5. Performance and emission characteristics of LPG powered four stroke SI engine under variable stroke length and compression ratio

    International Nuclear Information System (INIS)

    Ozcan, Hakan; Yamin, Jehad A.A.

    2008-01-01

    A computer simulation of a variable stroke length, LPG fuelled, four stroke, single cylinder, water cooled spark ignition engine was done. The engine capacity was varied by varying the stroke length of the engine, which also changed its compression ratio. The simulation model developed was verified with experimental results from the literature for both constant and variable stroke engines. The performance of the engine was simulated at each stroke length/compression ratio combination. The simulation results clearly indicate the advantages and utility of variable stroke engines in fuel economy and power issues. Using the variable stroke technique has significantly improved the engine's performance and emission characteristics within the range studied. The brake torque and power have registered an increase of about 7-54% at low speed and 7-57% at high speed relative to the original engine design and for all stroke lengths and engine speeds studied. The brake specific fuel consumption has registered variations from a reduction of about 6% to an increase of about 3% at low speed and from a reduction of about 6% to an increase of about 8% at high speed relative to the original engine design and for all stroke lengths and engine speeds studied. On the other hand, an increase of pollutants of about 0.65-2% occurred at low speed. Larger stroke lengths resulted in a reduction of the pollutants level of about 1.5% at higher speeds. At lower stroke lengths, on the other hand, an increase of about 2% occurred. Larger stroke lengths resulted in increased exhaust temperature and, hence, make the exhaust valve work under high temperature

  6. Influence of Palm Oil Fuel Ash and W/B Ratios on Compressive Strength, Water Permeability, and Chloride Resistance of Concrete

    Directory of Open Access Journals (Sweden)

    Wachilakorn Sanawung

    2017-01-01

    Full Text Available This research studies the effects of W/B ratios and palm oil fuel ash (POFA on compressive strength, water permeability, and chloride resistance of concrete. POFA was ground until the particles retained on sieve number 325 were less than 5% by weight. POFA was used to partially replace OPC at rates of 15, 25, and 35% by weight of binder. The water to binder (W/B ratios of concrete were 0.40 and 0.50. The compressive strength, water permeability, and chloride resistance of concrete were investigated up to 90 days. The results showed that POFA concrete with W/B ratio of 0.40 had the compressive strengths ranging from 45.8 to 55.9 MPa or 82–94% of OPC concrete at 90 days, while POFA concrete with W/B ratio of 0.50 had the compressive strengths of 33.9–41.9 MPa or 81–94% of OPC concrete. Furthermore, the compressive strength of concrete incorporation of ground POFA at 15% was the same as OPC concrete. The water permeability coefficient and the chloride ion penetration of POFA concrete were lower than OPC concrete when both types of concrete had the same compressive strengths. The findings also indicated that water permeability and chloride ion penetration of POFA concrete were significantly reduced compared to OPC concrete.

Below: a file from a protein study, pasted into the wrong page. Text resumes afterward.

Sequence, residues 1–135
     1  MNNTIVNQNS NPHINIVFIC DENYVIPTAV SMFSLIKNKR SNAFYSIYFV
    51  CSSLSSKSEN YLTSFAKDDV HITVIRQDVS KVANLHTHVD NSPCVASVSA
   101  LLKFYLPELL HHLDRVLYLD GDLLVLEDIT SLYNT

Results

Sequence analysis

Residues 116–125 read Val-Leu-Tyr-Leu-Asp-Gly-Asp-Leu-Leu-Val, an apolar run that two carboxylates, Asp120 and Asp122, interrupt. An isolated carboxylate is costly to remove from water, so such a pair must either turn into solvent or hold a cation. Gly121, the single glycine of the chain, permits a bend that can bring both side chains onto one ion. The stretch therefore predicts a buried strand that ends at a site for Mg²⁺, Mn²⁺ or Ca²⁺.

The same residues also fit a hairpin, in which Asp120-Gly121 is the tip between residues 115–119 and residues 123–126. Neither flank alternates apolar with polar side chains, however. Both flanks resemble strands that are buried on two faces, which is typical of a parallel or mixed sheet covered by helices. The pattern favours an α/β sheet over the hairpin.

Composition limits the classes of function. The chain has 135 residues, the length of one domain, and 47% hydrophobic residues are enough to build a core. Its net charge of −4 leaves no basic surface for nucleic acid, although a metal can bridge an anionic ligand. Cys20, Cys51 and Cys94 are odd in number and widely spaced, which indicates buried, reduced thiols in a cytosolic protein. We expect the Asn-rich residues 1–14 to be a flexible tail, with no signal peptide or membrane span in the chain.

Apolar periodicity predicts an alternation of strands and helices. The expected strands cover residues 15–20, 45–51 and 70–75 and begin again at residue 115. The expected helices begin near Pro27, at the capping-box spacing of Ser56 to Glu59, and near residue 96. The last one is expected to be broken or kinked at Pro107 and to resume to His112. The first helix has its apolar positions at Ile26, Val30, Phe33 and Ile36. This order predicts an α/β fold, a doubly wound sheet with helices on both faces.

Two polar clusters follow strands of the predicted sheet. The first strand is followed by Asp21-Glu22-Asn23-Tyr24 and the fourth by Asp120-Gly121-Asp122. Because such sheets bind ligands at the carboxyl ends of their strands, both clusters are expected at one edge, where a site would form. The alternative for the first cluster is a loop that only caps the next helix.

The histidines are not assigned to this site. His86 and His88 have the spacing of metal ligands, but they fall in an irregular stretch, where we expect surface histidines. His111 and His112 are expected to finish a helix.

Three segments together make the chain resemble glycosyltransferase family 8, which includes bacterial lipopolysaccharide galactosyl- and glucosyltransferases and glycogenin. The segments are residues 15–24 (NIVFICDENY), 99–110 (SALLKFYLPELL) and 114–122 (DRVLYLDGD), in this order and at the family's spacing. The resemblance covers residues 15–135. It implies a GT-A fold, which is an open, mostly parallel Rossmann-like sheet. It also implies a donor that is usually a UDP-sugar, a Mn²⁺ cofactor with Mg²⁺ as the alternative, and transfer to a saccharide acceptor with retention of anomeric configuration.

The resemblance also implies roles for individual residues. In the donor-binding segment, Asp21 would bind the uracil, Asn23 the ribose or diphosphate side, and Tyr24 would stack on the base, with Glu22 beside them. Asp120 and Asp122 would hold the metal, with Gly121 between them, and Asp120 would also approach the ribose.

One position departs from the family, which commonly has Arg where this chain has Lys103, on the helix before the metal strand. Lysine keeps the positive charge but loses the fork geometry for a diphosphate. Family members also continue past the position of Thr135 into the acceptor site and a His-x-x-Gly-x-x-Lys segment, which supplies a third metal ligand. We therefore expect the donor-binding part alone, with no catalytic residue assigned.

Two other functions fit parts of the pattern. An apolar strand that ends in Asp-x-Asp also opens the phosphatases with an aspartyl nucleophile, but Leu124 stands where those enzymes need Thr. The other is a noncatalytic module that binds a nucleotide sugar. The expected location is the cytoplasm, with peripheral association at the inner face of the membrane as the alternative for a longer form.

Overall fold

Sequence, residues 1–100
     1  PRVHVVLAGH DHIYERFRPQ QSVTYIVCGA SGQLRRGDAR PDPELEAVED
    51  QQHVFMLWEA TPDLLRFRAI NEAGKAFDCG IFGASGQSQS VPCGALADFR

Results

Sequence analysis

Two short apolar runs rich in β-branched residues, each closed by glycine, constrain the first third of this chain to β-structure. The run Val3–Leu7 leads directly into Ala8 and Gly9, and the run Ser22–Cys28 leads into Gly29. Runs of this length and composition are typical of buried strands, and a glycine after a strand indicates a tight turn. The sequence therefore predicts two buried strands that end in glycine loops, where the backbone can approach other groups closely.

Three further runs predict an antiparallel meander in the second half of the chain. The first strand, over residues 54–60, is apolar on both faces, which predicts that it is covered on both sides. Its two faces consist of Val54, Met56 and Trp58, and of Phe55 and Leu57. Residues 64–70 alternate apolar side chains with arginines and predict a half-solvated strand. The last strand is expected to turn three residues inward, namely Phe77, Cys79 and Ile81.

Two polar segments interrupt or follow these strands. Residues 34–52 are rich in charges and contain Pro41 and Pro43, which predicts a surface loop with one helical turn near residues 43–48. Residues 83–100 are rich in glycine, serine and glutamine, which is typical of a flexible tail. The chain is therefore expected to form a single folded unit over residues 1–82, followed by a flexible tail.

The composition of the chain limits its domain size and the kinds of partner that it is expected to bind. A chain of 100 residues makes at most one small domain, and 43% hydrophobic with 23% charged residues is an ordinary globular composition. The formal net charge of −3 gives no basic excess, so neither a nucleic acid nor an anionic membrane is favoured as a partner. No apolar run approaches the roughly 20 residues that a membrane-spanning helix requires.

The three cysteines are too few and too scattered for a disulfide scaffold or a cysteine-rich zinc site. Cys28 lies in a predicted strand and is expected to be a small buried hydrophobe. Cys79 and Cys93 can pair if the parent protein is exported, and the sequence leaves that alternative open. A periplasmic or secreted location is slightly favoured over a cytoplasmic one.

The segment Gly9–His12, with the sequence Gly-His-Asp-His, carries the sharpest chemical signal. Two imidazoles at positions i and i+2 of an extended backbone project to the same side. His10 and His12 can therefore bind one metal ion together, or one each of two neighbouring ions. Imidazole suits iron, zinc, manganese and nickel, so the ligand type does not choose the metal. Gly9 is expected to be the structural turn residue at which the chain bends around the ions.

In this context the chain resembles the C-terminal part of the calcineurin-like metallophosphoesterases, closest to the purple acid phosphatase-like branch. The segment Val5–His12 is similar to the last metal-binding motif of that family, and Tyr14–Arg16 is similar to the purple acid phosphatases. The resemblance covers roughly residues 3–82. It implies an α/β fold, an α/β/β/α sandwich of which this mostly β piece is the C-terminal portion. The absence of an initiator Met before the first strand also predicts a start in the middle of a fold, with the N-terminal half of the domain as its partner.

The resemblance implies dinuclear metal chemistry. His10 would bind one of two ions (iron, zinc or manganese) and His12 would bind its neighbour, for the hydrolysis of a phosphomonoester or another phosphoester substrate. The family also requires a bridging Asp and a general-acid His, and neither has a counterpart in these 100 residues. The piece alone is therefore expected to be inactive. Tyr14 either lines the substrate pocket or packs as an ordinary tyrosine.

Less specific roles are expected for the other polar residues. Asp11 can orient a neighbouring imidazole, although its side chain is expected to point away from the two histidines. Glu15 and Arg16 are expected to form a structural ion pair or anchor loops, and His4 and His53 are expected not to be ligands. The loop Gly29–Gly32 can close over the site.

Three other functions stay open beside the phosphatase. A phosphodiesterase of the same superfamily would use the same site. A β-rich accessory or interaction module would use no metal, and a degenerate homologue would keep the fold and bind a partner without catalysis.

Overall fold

7. Effect of cement/wood ratios and wood storage conditions on hydration temperature, hydration time, and compressive strength of wood-cement mixtures

    Science.gov (United States)

    Andy W.C. Lee; Zhongli Hong; Douglas R. Phillips; Chung-Yun Hse

    1987-01-01

    This study investigated the effect of cement/wood ratios and wood storage conditions on hydration temperature, hydration time, and compressive strength of wood-cement mixtures made from six wood species: southern pine, white oak, southern red oak, yellow-poplar, sweetgum, and hickory. Cement/wood ratios varied from 13/1 to 4/1. Wood storage conditions consisted of air-...